Mindfulness to assist with anxiety, depression, concentration, performance, sleep, mood management and more
Mindfulness, truly being there in the present moment, mind and body together, is the in thing at the moment (along with barre classes, turmeric, avocado and protein!!!) and something that has been in use for centuries in various forms such as meditation, breath awareness, and prayer. I have been teaching breathe awareness and other forms of mindfulness with clients – young and old, as well as my kids, for many years now, and the benefits can be significant – from increased focus, performance and relationships to better mood management, resilience, and greater joy.
This article shows you how you can teach and guide adolescents and children to learn techniques which will encourage them to spend some time in digital detox, in stillness, and mindfulness and which will stay with them throughout their lives.
What is Mindfulness?
The dictionary’s definition is “a mental state achieved by focusing one’s awareness on the present moment, while calmly acknowledging and accepting one’s feelings, thoughts, and bodily sensations, used as a therapeutic technique“. Of course, kids will wonder what you are taking about, so to encourage them to do the following exercises I am going to teach, it is best to explain the benefits to them in a way that is appealing to their ‘map of the world.’ That is an individual’s perception of the world which will determine their feelings and behaviours.
Depending on the age you might talk about how it can assist them to get better marks in tests by increasing focus and reducing exam anxiety or for littlies letting them know it can help them to feel better if they are upset or angry, or may help them feel happy and relaxed.
Helping the child to connect to appealing benefits, makes it much more likely for them to want to give mindfulness a try and incorporate it into their daily lives.
In my clinic and with my kids I have managed to assist children and teenagers with spelling and maths improvements, anger and emotions management, exam focus and worries, sports performance, teenage eating disorders and more.
Of course, mindfulness is not just for our kids. I have noticed even greater improvements with many children’s issues when the parents or caregivers have taken up regular mindful practice themselves.
Why is it so great for kids and teens?
The latest research suggests the effects of mindfulness on the lives of youngsters are significant and include
- Increased management of emotions (and less negative emotions)
- Increased social skills
- Increased memory and ability to plan and organise
- Increased self-esteem
- Increased sense of calmness and relaxation
- Increased sleep quality
- Decreased exam/test anxiety
- Decreased ADHD behaviour such as hyperactivity and impulsiveness
- Decreased anxiety and depression
- Less conduct and anger management problems
(For more information about the benefits of mindfulness and meditation, click here.)
The wonderful thing is that to teach your loved ones how to be mindful does not take long at all, and it can be loads of fun.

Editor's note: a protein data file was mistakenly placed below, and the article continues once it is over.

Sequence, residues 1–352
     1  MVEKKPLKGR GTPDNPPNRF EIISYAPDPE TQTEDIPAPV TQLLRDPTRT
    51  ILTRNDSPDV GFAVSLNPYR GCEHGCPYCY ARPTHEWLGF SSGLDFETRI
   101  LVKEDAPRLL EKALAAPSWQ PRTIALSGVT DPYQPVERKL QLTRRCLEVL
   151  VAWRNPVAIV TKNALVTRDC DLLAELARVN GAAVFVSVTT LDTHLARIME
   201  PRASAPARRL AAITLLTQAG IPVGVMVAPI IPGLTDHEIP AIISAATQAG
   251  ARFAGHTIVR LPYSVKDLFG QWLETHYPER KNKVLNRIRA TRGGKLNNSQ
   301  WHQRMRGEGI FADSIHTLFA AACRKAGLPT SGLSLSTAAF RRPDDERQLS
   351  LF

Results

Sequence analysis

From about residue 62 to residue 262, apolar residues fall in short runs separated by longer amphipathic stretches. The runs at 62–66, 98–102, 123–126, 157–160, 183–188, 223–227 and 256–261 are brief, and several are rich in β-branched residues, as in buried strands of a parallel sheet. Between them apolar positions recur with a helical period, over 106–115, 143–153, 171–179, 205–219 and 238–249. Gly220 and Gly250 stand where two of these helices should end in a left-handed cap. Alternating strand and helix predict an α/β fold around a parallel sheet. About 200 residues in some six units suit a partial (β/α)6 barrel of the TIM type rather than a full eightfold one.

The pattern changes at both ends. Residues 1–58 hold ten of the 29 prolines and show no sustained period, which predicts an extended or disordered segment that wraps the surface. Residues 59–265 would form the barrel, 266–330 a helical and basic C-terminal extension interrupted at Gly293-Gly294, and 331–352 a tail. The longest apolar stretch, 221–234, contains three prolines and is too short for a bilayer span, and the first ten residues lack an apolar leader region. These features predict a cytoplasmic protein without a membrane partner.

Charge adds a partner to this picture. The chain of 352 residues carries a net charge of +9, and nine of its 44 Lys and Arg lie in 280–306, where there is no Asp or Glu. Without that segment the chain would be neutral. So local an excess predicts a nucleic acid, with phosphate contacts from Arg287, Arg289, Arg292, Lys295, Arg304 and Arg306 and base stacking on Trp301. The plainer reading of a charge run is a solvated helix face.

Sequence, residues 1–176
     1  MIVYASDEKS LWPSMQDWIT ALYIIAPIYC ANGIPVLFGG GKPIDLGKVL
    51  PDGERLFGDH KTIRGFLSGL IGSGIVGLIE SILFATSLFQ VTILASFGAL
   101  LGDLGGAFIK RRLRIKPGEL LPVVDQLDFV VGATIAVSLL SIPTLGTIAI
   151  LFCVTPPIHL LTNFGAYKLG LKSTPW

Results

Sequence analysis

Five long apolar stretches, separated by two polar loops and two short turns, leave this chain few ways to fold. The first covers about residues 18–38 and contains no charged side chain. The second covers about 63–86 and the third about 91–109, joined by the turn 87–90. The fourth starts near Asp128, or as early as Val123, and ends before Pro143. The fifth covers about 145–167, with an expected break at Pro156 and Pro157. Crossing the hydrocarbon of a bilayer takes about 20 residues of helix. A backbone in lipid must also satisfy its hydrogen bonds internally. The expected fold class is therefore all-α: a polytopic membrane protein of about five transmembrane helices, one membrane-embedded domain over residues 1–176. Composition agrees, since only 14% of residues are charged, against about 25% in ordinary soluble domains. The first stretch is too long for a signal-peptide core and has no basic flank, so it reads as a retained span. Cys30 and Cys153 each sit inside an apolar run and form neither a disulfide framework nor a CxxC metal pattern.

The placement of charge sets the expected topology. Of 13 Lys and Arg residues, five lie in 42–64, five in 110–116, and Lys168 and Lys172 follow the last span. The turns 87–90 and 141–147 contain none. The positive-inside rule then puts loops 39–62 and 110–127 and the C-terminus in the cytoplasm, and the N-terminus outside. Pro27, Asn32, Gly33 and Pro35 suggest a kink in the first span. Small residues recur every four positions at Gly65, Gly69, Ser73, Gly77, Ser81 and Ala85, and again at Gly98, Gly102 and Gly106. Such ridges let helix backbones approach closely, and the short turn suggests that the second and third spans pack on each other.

I have included three easy mindfulness techniques for various ages. There are heaps more you can try out or just adapt the ideas I have included to suit your child and the specific issue you are working on.
Setting up to learn mindfulness
You don’t need any special equipment. However, I do recommend a warm, quiet and safe environment. Cushions or blankets may be an option for comfort.
Getting buy-in (especially from teenagers)
It may take some work, to convince teenagers, in particular, the value of slowing down, disconnecting from their digital devices and simply breathing.
So here are some tips to increase likelihood of them getting on board;
- Model Mindfulness
We can’t show adolescents the benefits of a mindfulness practice without modelling it ourselves. We don’t always need to be bliss balls, but we should demonstrate our ability to manage stress and respond, not react, to setbacks.
- What’s in it for them?
Teenagers may see mindfulness as completely unrelated to their busy and connected lives. Here are a few research findings that you could share with them:
- Studies show that students who meditate before an exam perform better than students who do not
- Mindfulness practice can improve concentration
- Mindfulness-based interventions have been shown to reduce the symptoms of anxiety, stress, and depression
- Teach Teens about their brain
Adolescents are fascinated about how their brains work. We can teach teens how mindfulness instruction is like getting the owner’s manual for their brain. This TEDx talk by Dan Siegel, author of Brainstorm: The Power and Purpose of the Teenage Brain, has a great demonstration that you can use with teens (or even younger kids) to teach them about the parts of the brain, using their hands as a model.
- Teach Teens about Their Mind
We need our teenagers to understand that for example if we are worried about an exam or test that our anxiety is truly “in our heads.” Our stress comes from our worrying brains ruminating on all the worst possible scenarios – I’m going to fail, mum and dad will be furious with me, I’ll never get into uni, and I’ll never find a job!
When we practice mindfulness, we learn that much of the chatter of the mind is just that: chatter. It’s not reality — it’s worry, it’s anxiety, it’s baseless projection. Mindfulness teaches teenagers to be aware of their thoughts, perhaps labeling them as “worrying.” They can acknowledge fear, without getting caught up in the negative thoughts it generates.
- There’s an App for That!
I realize there’s a bit of irony in recommending apps to practice mindfulness, especially to get teens to practice disconnection from their uber-connected cyberworlds. However, apps such as the Insight Meditation Timer can be a great way to practice mindful breathing. I use the Inner Balance trainer with my clients as a great visual way to becoming mindful.